Staking plans can be used to take a profitable betting system and make it even more profitable. Note however, we are talking about a profitable system. By this I mean a system that makes profits at level stakes. If we had a system that made losses at level stakes and tried to improve our returns by using a staking plan then we would only compound those losses.
There are many staking plans on the market. Believe me I have tried them all. But there is only really one that I would recommend. More on that later, first let’s look at some of the more common staking plans available.
The Martingale (Ugly)
This has to be one of the worst staking plans ever devised, (for a full explanation of this staking plan use the wiki pages here).
The theory is that we take an even money game, for example betting on red or black at roulette, and then to keep doubling our stake after each loss until we hit a winner. Sounds simple, but we would need an infinite betting bank to make it work. Let’s see what happens if we started with a £10 stake and hit 5 losers on the trot.
As you can see after the 5th bet we are £310 in the hole and need to stake £320. All this just to win £10. Financial suicide.
Loss Recovery (Bad)
As the name implies the idea with this plan is to recover any losses by adding them to your win target. This sounds like it could be feasible but this kind of betting will come back to haunt you when you hit that losing streak, and losing streaks are common in betting. Let’s see how this staking plan works in practise.
As you can see after just five losses with a target of winning just £10 and average odds you are in the hole for over £100 and your betting target is now £111. Eventually either you will run out of money or the stakes will grow so high your nerve will go. Every punter has an individual comfort zone, a staking zone that they are comfortable in, and this varies from punter to punter. You need to decide what your staking zone is and stay within it.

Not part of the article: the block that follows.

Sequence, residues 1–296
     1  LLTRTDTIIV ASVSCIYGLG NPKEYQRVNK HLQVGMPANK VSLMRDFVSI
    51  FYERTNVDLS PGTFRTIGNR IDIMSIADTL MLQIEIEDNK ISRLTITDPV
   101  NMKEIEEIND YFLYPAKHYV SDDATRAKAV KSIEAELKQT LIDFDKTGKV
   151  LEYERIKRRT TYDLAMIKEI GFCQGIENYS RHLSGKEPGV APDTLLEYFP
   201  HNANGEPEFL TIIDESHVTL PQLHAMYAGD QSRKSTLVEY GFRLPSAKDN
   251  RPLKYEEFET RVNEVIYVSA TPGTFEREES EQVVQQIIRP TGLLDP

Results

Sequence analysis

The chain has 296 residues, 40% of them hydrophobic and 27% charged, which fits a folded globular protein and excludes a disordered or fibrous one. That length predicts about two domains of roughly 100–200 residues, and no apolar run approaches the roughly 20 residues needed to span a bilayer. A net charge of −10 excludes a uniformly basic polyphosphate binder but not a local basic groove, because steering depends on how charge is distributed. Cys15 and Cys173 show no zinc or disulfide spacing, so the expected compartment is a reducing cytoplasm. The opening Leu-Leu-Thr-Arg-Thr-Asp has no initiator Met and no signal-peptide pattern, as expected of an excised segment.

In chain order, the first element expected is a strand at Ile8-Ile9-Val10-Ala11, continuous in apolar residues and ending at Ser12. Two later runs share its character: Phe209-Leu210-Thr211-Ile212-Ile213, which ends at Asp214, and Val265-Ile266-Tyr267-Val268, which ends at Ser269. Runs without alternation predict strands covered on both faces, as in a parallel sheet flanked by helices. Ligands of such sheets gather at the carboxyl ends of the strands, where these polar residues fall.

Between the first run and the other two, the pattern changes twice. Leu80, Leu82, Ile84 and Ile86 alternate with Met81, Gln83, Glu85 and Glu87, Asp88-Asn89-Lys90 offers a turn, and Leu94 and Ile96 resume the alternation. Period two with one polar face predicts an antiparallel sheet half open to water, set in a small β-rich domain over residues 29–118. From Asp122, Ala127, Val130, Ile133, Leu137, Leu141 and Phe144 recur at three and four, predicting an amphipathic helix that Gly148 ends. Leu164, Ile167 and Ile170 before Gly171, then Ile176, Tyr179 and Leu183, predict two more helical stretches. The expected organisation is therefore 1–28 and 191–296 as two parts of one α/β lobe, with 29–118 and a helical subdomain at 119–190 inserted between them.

Percentage of Bank (Good)
This is when you have a betting bank and stake a fixed percentage of that bank on each selection. The problem with this type of staking plan is that you have your smallest stake on winners and your largest stakes on the losers. Let’s see an example to see this in action. Let’s assume you start off with a betting bank of £500 and you stake 5% of that bank on each selection.
As you can see with this plan you had your largest stake (£25) on a loser and your smallest stake (£21.43) on the winner. Again not an ideal state of affairs.
The best way to utilise this plan is to only calculate a new stake (of 5% in this example) when your betting bank is larger than when you first started, otherwise you keep the stake the same. For example;
In this variation we have kept the stake the same until the bank exceeds the opening position and only then is a new stake calculated.
Recommended Staking Plan (Good)
Now we come to the only staking plan I have ever recommended, the low-risk, high-reward staking plan. It is extremely powerful and uses very, very low stakes. The mathematics behind it is sheer genius. Hundreds of thousands of copies of it have been sold over the years and once you see it you will understand why.
Obviously I can’t tell you what the staking plan is as it is subject to copyright. That said, as an example of its power, let’s says you started with just £10 and backed class horses just to be placed and could get, on average, odds of just 1.50 then with a run of 20 such horses your winnings would be over £8,000. That is a phenomenal return for just £10 (by the way I have not personally reached the full 20 but I continue to try). The really neat thing about this staking plan though is that by the time you reach the 5th or 6th placed horse (depending on the odds) you will have had your £10 starting stake back and be well on your way to the elusive run of 20.
Remember, preservation of your betting bank is paramount. To achieve this, and to make your betting bank grow, think very carefully before adopting any system which advises you to use either the Martingale or Loss Recovery staking plans. Whenever possible use level stakes or a low-risk, high-reward staking plan.
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